I do occasionally miss digging up a few corms and by late November the stems have completely dried out and take on a wonderful rusty elegance. These are my favourite dried stems to use but there is always a trade off to the risk of leaving them in the ground. I find that they look great as a cluster arrangement on their own or just using one stem to create height and interest works well.


3. Pampas Grass

Best known as the front garden plant of the 1970’s and their unfortunate association with liberal sexual practices has truly landed pampas grass on the compost heap. Sales have plummeted an d some garden centres have stopped selling them altogether. Love them or hate them in the garden they look amazing in arrangements. They look great both on their own and also teemed with other more delicate grasses and bold large flowers. Pampas is so hard to get rid of with deep roots almost impenetrable to all but the most determined gardener. This means that for some gardens they do overstay their welcome for a number of years. They are a foragers dream and earlier this year I happened to notice one of my neighbours grasses with plumes keeled over after a heavy downpour. Secateurs in hand and a knock on the door with a smile earner me a hoard of plumage to keep me going for a few months at least.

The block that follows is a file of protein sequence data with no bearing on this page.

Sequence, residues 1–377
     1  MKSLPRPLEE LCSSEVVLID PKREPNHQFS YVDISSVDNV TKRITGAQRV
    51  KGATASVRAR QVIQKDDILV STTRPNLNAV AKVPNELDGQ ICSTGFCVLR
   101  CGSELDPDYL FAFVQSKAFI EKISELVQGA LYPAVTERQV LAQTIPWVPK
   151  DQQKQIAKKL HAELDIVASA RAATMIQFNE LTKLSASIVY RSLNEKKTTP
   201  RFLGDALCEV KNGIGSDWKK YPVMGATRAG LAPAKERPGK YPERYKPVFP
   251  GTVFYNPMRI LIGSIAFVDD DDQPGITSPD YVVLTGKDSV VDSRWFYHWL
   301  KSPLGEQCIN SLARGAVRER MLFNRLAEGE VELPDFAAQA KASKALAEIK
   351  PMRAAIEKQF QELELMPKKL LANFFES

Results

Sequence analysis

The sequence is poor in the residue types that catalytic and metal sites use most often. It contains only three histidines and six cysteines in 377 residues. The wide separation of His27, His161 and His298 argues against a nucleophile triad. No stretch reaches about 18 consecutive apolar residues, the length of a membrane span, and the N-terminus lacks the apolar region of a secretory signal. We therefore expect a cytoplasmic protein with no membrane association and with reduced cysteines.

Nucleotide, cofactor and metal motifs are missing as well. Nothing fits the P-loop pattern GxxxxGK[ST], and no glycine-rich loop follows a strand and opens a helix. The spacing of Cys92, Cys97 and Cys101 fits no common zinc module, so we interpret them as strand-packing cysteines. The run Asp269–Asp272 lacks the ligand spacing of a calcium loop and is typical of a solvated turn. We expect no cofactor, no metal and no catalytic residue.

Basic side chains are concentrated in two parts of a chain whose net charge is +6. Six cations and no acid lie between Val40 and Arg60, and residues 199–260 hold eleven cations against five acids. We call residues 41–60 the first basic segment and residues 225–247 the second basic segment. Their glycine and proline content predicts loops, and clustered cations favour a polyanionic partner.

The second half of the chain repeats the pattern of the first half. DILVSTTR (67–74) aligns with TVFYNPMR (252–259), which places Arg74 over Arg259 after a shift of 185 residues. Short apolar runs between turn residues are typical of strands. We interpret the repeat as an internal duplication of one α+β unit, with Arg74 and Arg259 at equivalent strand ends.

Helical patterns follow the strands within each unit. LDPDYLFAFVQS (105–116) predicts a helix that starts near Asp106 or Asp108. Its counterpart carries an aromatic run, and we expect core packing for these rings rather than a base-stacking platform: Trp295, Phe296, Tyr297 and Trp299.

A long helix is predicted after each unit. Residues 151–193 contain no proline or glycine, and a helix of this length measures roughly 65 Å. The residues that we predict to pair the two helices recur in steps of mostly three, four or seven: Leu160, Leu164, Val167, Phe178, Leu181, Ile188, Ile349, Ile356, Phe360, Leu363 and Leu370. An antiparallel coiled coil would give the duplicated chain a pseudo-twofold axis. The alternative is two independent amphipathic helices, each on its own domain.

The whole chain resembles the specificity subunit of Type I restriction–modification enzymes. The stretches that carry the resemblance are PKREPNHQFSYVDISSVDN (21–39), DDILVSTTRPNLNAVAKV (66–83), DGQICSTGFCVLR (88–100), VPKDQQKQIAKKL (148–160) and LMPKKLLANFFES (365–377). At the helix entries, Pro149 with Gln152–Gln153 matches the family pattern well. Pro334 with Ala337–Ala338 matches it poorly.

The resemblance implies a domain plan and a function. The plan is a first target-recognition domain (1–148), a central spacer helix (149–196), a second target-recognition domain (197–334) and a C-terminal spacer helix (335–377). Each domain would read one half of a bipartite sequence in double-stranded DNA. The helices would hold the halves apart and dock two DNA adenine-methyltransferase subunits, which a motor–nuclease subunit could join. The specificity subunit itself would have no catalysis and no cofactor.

4. Ferns

In all the counties I have lived in ( 5 in total) I have never come across common ferns in such abundance as I have in Hampshire. They grow wild all over the place – and I really do mean all over the place, my local forests are swamped with them and they grow so abundantly in unwanted places in my garden (through my lawn of all places) that cutting stems for use on a daily basis I do not think would even put a dent in their numbers. During summertime they are lush and green and provide a great backdrop for greenery arrangements, and in the autumn and winter time they turn all shades of beige and brown which I love to collect and use even on their own. They look great sprayed in metallic colours, especially in Christmas wreaths.